The U.S. Department of Education threatened Tuesday to withhold $10 million in grant funds because Georgia’s new teacher evaluation system won’t include the merit pay component the state promised when it pursued the grant.
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RACE TO THE TOP TIMELINE IN GEORGIA
August 2010:Georgia wins a $400 million Race to the Top education improvement grant from the federal government. The state will share the money with 26 school districts, including those in Gwinnett, DeKalb, Clayton, Cherokee and the city of Atlanta. School districts in Cobb, Fulton and Forsyth counties decline to participate, citing their concern about the federal strings attached to the money.
November 2010:Nathan Deal is elected governor of Georgia. John Barge is elected superintendent.
February 2011:The U.S. Department of Education signs off on detailed plans submitted by Georgia school districts.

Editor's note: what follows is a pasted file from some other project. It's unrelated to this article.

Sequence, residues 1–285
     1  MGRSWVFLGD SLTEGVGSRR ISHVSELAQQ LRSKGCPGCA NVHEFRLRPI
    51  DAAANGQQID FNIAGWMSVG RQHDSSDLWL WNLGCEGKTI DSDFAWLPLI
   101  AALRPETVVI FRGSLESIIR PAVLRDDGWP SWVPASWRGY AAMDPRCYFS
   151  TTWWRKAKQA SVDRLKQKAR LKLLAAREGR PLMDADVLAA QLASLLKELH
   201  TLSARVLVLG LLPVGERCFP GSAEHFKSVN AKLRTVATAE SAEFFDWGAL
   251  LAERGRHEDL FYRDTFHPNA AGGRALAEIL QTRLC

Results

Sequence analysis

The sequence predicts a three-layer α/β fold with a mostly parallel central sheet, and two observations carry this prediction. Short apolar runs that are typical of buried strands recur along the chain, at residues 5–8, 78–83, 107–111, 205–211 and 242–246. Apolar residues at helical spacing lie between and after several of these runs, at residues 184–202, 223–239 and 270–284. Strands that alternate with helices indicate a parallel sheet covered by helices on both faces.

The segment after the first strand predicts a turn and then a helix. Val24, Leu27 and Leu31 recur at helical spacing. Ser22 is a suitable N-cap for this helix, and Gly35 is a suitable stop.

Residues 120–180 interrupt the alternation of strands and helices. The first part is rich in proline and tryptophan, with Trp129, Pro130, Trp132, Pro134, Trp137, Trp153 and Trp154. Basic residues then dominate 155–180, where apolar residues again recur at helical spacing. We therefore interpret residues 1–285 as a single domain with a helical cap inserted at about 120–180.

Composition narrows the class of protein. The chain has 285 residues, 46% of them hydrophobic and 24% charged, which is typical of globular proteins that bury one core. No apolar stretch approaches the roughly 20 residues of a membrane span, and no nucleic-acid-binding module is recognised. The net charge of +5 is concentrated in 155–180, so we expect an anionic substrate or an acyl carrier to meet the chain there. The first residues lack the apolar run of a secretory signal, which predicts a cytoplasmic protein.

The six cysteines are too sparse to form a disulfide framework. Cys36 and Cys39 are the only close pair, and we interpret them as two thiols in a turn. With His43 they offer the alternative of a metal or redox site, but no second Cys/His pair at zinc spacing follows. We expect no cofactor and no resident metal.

June 2011:The state Board of Education votes to spend $758,000 to hire a team of experts to help develop an evaluation system for teachers and administrations based on how their students perform academically.
November 2011:Georgia scales back the pilot of its evaluation system. In part because of new state leadership, the U.S. Department of Education allows Georgia to delay implementation of the evaluation system from fall 2011 to the 2012-2013 school year.
December 2011:The Obama administration raises concern about the slow pace of filling 21 high-level positions tied to grant implementation.
July 2012:The U.S. Department of Education places a $33 million portion of Georgia’s grant on high-risk status because of concerns about the development of the new teacher evaluation system.
January 2013:A pilot study of the new system shows that only a tiny fraction of the state’s teachers are ineffective, results which are at odds with the state’s low scores on some national tests.
February 2013:The U.S. Department of Education singles out Georgia as struggling more than most states in implementing changes promised in its grant application.
July 2013:The U.S. Department of Education warns Georgia that it will withhold $10 million in grant funds if the state does not follow through on its promise to implement a merit pay component to its teacher evaluation system.